Are they in trouble? It’s difficult to see how. Neither the BVI CRS Guidance Notes nor the BVIFARS Users Guide are law. Does that mean FIs should ignore them? By no means. It’s always good to stay onside with a regulator if you’re not violating any law by doing so. Although the BVI CRS law requires only FIs with reportable accounts to register, it does not prohibit others from registering. So if the regulator thinks you should (even if you don’t have to), there’s no harm in registering. I would therefore encourage all BVI FIs with no reportable accounts to register as soon as practicable. But I wouldn’t lose sleep over the fact that the registration is now months “late”. How can you be penalised for not complying with a “requirement” that has no legal effect?
All of the following documents unambiguously provide that “Reporting Swiss Financial Institutions” must register on the Swiss CRS registration portal. (Italics are mine.):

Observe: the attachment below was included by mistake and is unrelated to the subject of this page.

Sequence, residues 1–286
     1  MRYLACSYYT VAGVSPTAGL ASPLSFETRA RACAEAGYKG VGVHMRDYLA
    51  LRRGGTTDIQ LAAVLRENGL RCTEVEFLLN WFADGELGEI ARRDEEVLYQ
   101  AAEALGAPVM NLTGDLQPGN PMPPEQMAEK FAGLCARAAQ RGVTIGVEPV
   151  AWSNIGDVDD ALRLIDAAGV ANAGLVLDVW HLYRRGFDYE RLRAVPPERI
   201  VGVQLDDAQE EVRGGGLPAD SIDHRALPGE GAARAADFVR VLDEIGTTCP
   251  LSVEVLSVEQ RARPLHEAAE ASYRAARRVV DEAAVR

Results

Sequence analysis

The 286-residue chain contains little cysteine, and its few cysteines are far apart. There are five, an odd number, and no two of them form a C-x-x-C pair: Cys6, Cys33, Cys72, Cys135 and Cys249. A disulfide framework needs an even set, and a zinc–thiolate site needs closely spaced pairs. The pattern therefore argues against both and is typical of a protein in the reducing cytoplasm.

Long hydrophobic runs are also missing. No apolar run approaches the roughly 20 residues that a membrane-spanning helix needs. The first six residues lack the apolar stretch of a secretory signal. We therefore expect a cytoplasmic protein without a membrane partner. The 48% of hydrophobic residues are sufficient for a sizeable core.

- The Swiss Federal Act on the Automatic Exchange of Information in Tax Matters (AEOI) of 18 December 2015 (the Swiss CRS Act), Section 3, Art. 13
- The Swiss Ordinance on the Automatic Exchange of Information in Tax Matters (AEOI Ordinance) of 23 November 2016 (the Swiss CRS Ordinance), Section 8, Art. 31
- The Guidelines on the Standard for Automatic Information Exchange for Financial Accounts, Common Reporting Standard of 17 January 2017 (the Swiss CRS Guidelines), Section 9.1.1. (Unlike the CRS guidance in most countries, Switzerland’s CRS Guidelines are binding.)
(English translations of the Swiss CRS Act, Ordinance, and Guidelines are available for a fee from the Swiss Association of Trust Companies (SATC) by filling out the online form available here).